Ohio drone user charged for obstructing an accident scene

From the Associated Press:

SPRINGFIELD, Ohio (AP) — A man is facing charges after deputies say he was flying a video camera-equipped drone that hindered the landing of a medical helicopter at an accident scene.

Kele Stanley, of Springfield, said he’s been unfairly charged and would have landed it immediately if he knew the medical helicopter was en route.

“I’m not an idiot,” he said.

The hobbyist was flying the $4,000 drone over a crash scene on Saturday morning to shoot photos and video.

Authorities said both fire officials and a Clark County sheriff’s deputy told Stanley to stop flying his remote-controlled aircraft because the helicopter was preparing to land, and that he refused. The helicopter was able to land and depart safely from the scene.

Stanley is facing a felony charge of obstructing official business and misdemeanor charges of misconduct at an emergency and disorderly conduct. He pleaded not guilty during a court appearance Monday and said he’s going to hire a lawyer to fight the charges.

Stanley, a 31-year-old copy-machine repairman and videographer, said he flew his remote-controlled “hexacopter” about 75 feet above where a pickup had hit a tree in Moorefield Township near Springfield. He said he was shooting the video as a hobby and would have turned it over to local television stations, as he has done before.

There currently are no regulations in Ohio governing private use of the unmanned aircraft, although law enforcement agencies must get special permits to use them. The Federal Aviation Administration bars the commercial use of drones.

(Photo above: Clark County Jail)

((Photo below:/Clark County Sheriff's Office)

Views: 3187

Comment by Brent on April 15, 2014 at 12:25pm

Why would somebody think that was a good idea? Maybe he is a member and will give his side to the story.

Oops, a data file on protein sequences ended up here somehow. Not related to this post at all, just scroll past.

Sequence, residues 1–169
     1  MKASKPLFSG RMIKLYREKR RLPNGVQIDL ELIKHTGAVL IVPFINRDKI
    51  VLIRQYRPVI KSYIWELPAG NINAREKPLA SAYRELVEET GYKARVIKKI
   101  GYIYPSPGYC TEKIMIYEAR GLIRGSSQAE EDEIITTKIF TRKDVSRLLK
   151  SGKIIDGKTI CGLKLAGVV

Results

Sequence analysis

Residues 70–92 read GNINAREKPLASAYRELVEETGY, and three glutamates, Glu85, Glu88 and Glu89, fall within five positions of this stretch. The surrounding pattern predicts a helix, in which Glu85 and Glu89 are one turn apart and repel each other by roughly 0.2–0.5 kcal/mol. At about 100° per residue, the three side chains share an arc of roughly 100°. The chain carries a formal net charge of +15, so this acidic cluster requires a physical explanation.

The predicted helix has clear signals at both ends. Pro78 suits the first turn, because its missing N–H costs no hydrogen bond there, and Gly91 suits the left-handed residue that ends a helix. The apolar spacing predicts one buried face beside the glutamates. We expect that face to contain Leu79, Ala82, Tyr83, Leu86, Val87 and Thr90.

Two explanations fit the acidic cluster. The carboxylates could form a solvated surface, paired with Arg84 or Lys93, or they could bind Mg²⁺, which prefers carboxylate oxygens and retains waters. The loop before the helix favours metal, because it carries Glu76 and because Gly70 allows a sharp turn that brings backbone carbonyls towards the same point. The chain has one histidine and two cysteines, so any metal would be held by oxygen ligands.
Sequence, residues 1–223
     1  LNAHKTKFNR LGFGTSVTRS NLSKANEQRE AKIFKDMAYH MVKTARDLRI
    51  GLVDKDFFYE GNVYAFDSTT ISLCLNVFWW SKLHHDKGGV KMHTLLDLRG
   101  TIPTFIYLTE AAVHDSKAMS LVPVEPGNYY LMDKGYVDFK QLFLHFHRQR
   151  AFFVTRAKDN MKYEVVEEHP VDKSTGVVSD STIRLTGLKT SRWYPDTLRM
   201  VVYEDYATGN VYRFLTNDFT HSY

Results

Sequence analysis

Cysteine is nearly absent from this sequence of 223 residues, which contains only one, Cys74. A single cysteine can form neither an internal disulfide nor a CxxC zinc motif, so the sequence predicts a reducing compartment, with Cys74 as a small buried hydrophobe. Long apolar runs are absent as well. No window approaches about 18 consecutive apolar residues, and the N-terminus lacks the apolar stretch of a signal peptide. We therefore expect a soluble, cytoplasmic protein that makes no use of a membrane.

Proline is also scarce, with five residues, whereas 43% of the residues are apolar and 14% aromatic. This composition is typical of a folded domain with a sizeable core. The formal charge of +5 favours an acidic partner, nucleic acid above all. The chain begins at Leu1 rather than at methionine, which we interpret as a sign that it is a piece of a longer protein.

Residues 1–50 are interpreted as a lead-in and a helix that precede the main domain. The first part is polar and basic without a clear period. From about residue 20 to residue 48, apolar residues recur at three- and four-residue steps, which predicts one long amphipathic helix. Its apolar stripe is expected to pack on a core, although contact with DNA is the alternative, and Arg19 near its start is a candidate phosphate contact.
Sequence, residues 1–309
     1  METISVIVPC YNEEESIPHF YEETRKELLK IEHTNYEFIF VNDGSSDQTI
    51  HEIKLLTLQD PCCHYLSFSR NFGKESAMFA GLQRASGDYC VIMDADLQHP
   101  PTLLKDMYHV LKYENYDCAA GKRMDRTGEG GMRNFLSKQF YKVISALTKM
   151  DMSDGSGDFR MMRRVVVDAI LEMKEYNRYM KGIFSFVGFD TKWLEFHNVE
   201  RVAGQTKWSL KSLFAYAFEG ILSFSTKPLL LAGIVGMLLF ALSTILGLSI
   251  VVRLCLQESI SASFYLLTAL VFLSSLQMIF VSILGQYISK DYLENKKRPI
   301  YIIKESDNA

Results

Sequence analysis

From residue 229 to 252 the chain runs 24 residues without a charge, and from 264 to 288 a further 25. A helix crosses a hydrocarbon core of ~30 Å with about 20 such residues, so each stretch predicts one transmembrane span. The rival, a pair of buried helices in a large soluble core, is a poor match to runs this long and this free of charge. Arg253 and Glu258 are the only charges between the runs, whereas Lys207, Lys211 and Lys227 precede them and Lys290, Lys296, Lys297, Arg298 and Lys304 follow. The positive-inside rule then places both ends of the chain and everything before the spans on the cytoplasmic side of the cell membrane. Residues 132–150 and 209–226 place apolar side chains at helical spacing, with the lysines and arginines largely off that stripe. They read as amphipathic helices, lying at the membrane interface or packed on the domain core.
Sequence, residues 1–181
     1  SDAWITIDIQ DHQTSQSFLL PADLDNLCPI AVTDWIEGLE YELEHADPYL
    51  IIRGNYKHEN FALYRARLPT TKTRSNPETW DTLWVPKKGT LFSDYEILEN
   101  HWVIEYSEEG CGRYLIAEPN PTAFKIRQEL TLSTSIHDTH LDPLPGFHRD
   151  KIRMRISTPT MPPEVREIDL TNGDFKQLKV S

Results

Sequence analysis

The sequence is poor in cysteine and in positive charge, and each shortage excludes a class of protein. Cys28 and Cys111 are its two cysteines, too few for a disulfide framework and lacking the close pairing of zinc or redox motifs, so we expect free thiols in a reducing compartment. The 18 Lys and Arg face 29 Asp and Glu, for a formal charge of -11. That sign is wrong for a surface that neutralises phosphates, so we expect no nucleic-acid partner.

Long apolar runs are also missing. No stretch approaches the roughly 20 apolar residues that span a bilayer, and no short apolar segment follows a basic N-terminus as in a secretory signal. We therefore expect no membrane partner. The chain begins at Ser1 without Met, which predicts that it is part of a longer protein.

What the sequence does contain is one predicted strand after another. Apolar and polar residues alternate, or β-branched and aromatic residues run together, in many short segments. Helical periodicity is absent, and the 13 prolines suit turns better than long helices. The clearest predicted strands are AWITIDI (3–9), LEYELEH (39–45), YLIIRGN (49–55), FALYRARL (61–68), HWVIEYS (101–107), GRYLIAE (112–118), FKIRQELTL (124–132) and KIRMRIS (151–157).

Comment by Austin Suhler on April 15, 2014 at 12:27pm

Because he did, and that's all it takes. *Sits back and grabs some popcorn* now THIS could be good to keep an eye on. Now we wait for the FAA to attempt to make a fool of themselves ;)

Comment by Gary Evans on April 15, 2014 at 1:00pm

He beat them to it.


Moderator
Comment by Gary Mortimer on April 15, 2014 at 1:07pm

@Austin I don't think the FAA is charging him (yet)

Comment by Austin Suhler on April 15, 2014 at 1:21pm

@Gary I know, but it's just such a tempting target for them. I could see them trying to wiggle their way into it somehow :)

Comment by Oliver on April 15, 2014 at 1:42pm

I like the headline ..."drone user"... not pilot, operator, hobbyist, etc. but "user."  You know, like "meth user" or such...

But this is a great example of how existing laws are almost always all that's needed. No FAA involved. Whoever the IC was at this incident had all the authority they needed to both remove the hazard by whatever means available and to arrest the perp. No problem at all. (Comment based on 36 years of experience in fire/rescue, rank up to Chief.)

Comment by Toby Mills on April 15, 2014 at 1:45pm

Further proof that we don't really need any specific drone laws, there are plenty of laws that someone can be charged under currently if they do something stupid.

Comment by Quadrocopter on April 15, 2014 at 2:13pm

Australia will have 140 operators by the end of this month,

I also hear that the new "drone law" is coming out for copters weighing under 2KG.

Apparently all you need to do is a online test :-)
For Australia only, but it's a start.....


Simon


T3
Comment by Ted Van Slyck on April 15, 2014 at 2:26pm

Well, if they charged Trappy with 91.13, Careless and Reckless, they could just as easily pin this guy with 91.119, operation over a congested area below 1,000'. 

Which brings up a point: AC 91-57 clearly states it is recommended to fly below 400'. Yet the FAA claims when Trappy operated his Zeypher he was subject to part 91. If you are subject to Part 91 then you are subjected to more than just the careless and reckless part, but altitude requirements, dropping objects, transponder requirements, etc. So the FAA claims that every time you operate a model airplane you are subject to part 91, yet their very own Advisory Circular outlines illegal practices. 

This guy will get off the hook because the rules obviously contradict themselves are and not applicable to model aircraft. 

Comment by Austin Laws on April 15, 2014 at 2:30pm
Firstly wot a total idiot,secondly he should of listened to what he was being told but mostly what annoys me the most is why would you film a car accident or the aftermath. It's sick and disgusting someone enjoys filming people who have possibly be injured. He deserves what Ever fine he gets,hope it's large!

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